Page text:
And, yes, it’s one of the few times Victor Mature’s looks and manner really worked to great effect, set up with Fonda’s line (improvised on the set by Ford, I would guess) when he first sees Mature: “Good-lookin’ fella…” This was Ford’s first film after World War II (which he saw at close range in the O.S.S.) and, significantly, the villains in Clementine (led by Walter Brennan as Pa Clanton) are more insidiously evil and brutal than ever before in Ford’s work, and a poignant sense of loss hangs over the whole film.
As it does over Red River, too, which begins with Wayne’s tragic loss of his beloved; Clementine starts with the murder of the Earps’ youngest brother. Loss in both films is depicted as an ultimate gain for civilization, though Red River, with the happier ending, is strangely the more ambiguous; it also seems more modern in its characters’ psychological makeup. And deals with sexual tension in a more forthright way.
Both pictures have two different versions: In Ford’s original ending, Fonda only shakes hands with Clementine before he rides off; the studio added a kiss on the cheek, which infuriated Ford. Happily, the latest DVD restores Ford’s original non-kiss version, along with a few other short scenes that are nice to see. But the Hawks problem is much worse. For years now the most commonly shown version–with handwritten bridging sections, as though from an ancient historical journal–is a preview cut which Hawks discarded in favor of a faster, more personal device: narration by one of the main characters, an especially lovable Walter Brennan as Groot, the cook.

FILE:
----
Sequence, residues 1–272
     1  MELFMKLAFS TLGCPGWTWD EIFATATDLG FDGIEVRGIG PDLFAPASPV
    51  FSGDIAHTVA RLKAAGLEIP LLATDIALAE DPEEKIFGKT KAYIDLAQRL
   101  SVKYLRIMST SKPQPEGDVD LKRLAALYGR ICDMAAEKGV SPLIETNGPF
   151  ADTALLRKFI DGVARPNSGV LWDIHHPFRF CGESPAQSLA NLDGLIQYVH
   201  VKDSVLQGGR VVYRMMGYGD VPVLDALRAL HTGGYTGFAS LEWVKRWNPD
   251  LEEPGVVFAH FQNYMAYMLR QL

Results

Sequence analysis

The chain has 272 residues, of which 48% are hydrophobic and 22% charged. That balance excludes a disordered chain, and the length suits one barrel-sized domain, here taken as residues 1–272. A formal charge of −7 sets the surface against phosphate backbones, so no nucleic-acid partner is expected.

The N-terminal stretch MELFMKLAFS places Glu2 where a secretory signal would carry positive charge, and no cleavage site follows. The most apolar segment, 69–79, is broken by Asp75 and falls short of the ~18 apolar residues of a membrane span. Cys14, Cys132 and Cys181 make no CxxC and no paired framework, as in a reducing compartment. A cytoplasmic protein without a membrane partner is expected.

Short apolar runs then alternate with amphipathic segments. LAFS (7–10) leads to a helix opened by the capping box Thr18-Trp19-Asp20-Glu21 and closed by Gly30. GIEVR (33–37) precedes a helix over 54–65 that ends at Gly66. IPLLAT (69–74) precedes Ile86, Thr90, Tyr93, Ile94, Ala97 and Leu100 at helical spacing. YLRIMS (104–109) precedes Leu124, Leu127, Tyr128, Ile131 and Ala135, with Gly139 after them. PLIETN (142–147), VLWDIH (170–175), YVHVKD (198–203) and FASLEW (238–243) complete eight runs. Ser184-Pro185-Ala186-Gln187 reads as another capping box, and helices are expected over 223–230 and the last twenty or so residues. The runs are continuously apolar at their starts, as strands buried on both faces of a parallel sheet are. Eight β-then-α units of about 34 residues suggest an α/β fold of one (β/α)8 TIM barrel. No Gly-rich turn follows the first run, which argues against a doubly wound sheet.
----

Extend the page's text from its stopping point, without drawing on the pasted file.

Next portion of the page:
Somehow, the slower, more portentous “book version” has been mistaken (because somewhat longer) as “the director’s cut” and presented erroneously that way. I specifically asked Hawks in the mid-70s why there were two versions. He answered (as published in my Who the Devil Made It): “The one with the book was the first cutting and it wasn’t any good. It’s slow—you had to stop and read it—and why any prints were made from that I don’t know…It was meant to be with narration, which shortened it and brought it closer to you because we had a very distinctive voice doing it.” I said, “So the version that was released in theatres with Brennan narrating was the final one.” To which Hawks replied, “Yes. God knows where the other one came from…”
For years, I’ve been petitioning MGM/UA (the current rights owner) to bring out the actual director’s cut, and a slew of letters to them from our readers would be helpful in demanding a release of the Hawks-approved version of this acknowledged American masterpiece. Rumor has it that Criterion might be bringing the picture out in the near future. In whichever version, however, both the Ford and the Hawks films are absolutely essential works in motion picture history.